This morning we sent away The Child Who Can Not Part With Anything and then the rest of us worked together to pack up, throw away, and clean out.
Also, we caught the Large Animal that was living in the ceiling, except it was a couple of itty-bitty mice, so I’m not sure we actually solved anything.
My husband set two mousetraps up in the ceiling via the light fixture hole. I was sitting in the kitchen when I heard the victory snap-squeak.
Nervous about blind groping, my husband used a combination of flashlight, mirror, and camera with flash to locate the trap. And then, very carefully, he reached up in the hole with his gloved hand, touched the trap, and—
“EEEEK! IT SQUEAKED! IT’S STILL ALIVE! EEEEEEEEEEEE!”
My husband was bouncing around, hands flapping, squealing and shrieking. I doubled over, laughing. The kids gathered to stare.
My older son rolled his eyes at his papa’s shenanigans, put a glove on, reached into the hole, and pulled the trap out. Done.
Later, there was another SNAP and then a thump-thump-thump. The flashlight and mirror revealed a mouse that was most certainly dead. But when my husband touched the trap, the whole trap-and-mouse outfit jumped. From there, the story proceeds exactly as the first with lots of manly squeals and a fearless son to the rescue.
The kids are in rest time and I’m sitting on the sofa with my feet propped up…except the kids aren’t actually in rest time because my husband decided to keep working upstairs and so now it sounds like a war zone up there. He and the kids are dismantling a loft bed (took up too much room), stripping the beds of linens (“the kids can just sleeping in sleeping bags,” my husband announced as he kicked a pile of blankets down the stairs), and sorting, packing, and trashing. The Child Who Can Not Part With Anything is weeping and wailing (of course), and everyone is bossing everyone else around. Major jolly fun, it sounds like.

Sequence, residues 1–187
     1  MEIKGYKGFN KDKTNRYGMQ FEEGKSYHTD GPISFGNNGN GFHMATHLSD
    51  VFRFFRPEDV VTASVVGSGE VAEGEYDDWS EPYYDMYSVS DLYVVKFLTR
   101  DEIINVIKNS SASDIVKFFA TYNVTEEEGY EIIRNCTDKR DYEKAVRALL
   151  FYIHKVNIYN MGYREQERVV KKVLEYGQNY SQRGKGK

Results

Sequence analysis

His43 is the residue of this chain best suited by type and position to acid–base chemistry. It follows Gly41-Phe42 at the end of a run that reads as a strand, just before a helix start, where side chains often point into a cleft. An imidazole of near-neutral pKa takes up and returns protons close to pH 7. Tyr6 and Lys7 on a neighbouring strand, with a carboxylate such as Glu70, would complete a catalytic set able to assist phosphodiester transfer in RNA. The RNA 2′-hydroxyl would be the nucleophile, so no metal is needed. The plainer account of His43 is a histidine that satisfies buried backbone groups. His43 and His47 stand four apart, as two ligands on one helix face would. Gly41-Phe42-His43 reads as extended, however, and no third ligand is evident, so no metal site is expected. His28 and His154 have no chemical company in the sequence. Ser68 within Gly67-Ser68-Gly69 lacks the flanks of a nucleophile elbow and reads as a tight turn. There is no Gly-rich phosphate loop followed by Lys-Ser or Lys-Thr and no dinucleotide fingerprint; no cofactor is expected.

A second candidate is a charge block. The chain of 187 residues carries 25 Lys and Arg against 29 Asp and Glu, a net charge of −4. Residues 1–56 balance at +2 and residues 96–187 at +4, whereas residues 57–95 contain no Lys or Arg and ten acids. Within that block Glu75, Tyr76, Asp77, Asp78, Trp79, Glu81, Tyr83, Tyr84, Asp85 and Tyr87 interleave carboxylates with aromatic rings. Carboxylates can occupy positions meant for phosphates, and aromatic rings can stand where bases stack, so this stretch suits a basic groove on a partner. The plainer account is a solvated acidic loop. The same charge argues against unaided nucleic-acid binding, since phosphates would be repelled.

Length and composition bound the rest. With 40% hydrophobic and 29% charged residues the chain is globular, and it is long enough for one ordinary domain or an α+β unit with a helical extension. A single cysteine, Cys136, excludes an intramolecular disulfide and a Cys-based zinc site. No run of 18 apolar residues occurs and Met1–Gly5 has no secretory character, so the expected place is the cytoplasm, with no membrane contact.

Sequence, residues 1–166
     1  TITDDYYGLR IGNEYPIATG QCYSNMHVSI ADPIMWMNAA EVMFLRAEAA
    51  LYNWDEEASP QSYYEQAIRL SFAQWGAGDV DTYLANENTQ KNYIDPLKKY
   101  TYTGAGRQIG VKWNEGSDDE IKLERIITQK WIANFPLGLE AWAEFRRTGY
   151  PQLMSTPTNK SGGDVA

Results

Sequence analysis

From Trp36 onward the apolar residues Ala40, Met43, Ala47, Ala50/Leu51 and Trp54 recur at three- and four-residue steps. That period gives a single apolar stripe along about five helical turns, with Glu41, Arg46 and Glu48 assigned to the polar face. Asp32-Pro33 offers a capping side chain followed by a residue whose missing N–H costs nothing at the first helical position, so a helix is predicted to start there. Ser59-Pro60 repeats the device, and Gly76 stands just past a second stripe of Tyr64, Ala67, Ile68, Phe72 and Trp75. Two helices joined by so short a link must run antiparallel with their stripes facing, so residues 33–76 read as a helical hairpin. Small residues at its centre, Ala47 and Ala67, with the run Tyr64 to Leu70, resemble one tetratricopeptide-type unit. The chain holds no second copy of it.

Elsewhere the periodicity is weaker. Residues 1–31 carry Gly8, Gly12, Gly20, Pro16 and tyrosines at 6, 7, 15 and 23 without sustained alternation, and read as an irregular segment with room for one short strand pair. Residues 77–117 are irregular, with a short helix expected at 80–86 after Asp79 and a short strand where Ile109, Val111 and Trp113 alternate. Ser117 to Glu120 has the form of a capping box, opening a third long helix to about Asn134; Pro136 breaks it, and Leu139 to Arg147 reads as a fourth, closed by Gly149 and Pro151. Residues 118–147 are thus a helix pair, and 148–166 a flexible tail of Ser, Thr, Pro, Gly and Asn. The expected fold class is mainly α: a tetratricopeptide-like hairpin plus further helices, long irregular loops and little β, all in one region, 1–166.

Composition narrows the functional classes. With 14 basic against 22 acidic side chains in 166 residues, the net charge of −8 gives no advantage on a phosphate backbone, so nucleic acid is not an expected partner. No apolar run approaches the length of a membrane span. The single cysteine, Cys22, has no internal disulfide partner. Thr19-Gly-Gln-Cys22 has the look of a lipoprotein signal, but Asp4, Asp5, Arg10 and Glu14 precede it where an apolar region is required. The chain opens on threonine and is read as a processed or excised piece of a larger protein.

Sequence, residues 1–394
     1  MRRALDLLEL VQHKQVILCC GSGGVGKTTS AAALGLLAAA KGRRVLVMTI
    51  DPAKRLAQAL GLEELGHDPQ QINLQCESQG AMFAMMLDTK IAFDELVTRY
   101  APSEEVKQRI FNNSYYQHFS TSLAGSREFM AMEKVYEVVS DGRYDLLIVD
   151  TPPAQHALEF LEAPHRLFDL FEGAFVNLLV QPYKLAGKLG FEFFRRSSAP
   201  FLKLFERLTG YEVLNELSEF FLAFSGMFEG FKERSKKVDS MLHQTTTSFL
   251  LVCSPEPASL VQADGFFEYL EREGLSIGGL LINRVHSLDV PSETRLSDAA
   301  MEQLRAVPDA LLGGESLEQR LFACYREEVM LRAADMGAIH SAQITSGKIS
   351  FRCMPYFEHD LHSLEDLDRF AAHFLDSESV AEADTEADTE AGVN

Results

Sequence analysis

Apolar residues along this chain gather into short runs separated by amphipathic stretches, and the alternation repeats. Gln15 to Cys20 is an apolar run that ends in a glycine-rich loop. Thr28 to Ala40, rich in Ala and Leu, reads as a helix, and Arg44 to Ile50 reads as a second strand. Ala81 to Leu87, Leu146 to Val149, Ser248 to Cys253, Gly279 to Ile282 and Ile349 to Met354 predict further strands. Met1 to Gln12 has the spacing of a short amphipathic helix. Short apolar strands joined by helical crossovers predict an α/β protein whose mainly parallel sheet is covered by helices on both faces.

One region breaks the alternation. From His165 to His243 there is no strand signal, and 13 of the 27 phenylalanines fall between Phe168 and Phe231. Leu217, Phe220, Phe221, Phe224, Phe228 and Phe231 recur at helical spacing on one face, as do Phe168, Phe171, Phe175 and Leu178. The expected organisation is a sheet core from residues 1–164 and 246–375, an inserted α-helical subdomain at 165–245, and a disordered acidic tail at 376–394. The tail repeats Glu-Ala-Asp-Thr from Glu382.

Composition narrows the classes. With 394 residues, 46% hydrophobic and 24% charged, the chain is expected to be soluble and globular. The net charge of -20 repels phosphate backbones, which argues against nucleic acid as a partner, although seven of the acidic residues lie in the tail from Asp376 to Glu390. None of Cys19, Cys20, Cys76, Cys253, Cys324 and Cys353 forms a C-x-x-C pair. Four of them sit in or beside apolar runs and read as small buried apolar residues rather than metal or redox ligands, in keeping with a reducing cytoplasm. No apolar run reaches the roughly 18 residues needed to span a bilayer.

But that’s not what I sat down to write about. I sat down to write about cranberry bars.
It’s not like anyone needs anything else sweet, but this has nothing to do with need and everything to do with Making A Note Of Something Important So I’ll Remember It Next Year. Though, come to think of it, last year I made those fabulous fig-anise pinwheels that I said I’d make forever more and then I didn’t make them this year. Not because I didn’t like them—because I do—but because I’m always attracted to The New And Exciting, silly me.
Maybe I’ll never make these cranberry bars again. Or maybe I’ll make them all year round (but not when I’m in Guatemala because I don’t think they have cranberries there). Or maybe you’ll make them and, not being the type to be sucked into culinary fads and hype, you’ll make them till you’re 96 years old and all your teeth have fallen out. In other words, I can’t predict the cookie future. I can only say, “World, I liked these and maybe you will, too.”
There’s nothing fancy about these bars. Just some chopped cranberries between two layers of gently spiced butter dough—half of the dough makes a firm base and the other half makes a nubbly cap. The bars are mostly soft with a bit of crunch, and not too sweet (so you can eat them for breakfast after you finish your oatmeal).
Cranberry Crumble Bars
Adapted from Lisa of Homesick Texan who, in turn, got the recipe from The Smitten Kitchen Cookbook.
Update, December 2015: I made these again, and, while delicious, I think they need more filling. Next time, perhaps double it…?
Update, January 1, 2016: I doubled the filling. My verdict: doubled filling is a little too much. So maybe just increase the amount by a half? (This is getting complicated. Sorry.)
Update, January 2, 2019: I made these with just an extra half recipe of filling. Perfect.
for the dough:
3 cups flour
1 cup sugar
½ teaspoon salt
1 teaspoon baking powder
½ teaspoon cinnamon
1/4 teaspoon nutmeg
1/8 teaspoon each, ground cloves and allspice
2 sticks butter, in chunks
1 egg, beaten
Put all the dry ingredients in a food processor and pulse to blend. Add the butter and process until the mixture is like sand. Add the beaten egg and pulse to combine. The mixture will be quite dry and crumbly.
for the filling:
1 12-ounce bag (3 cups) fresh or frozen cranberries
½ cup sugar
1 tablespoon cornstarch
1 teaspoon orange zest
1½ tablespoons orange juice
Put all ingredients in the (still dirty) food processor and pulse until the berries are finely chopped and everything is well mixed.
Put half of the crumb mixture into a greased 9×13 pan. Spread it out evenly and pat down firmly to make a solid bottom crust. Top with the chopped fruit. Sprinkle the remaining crumbs over the fruit. (I squeezed some of the crumbs with my fingers to make larger clumps.)
Bake the bars at 375 degrees for 30-35 minutes. Cool completely before cutting and serving. Leftovers freeze well.
This same time, years previous: tamales, eggnog, in which I throw my bread on the floor and stomp on it, delight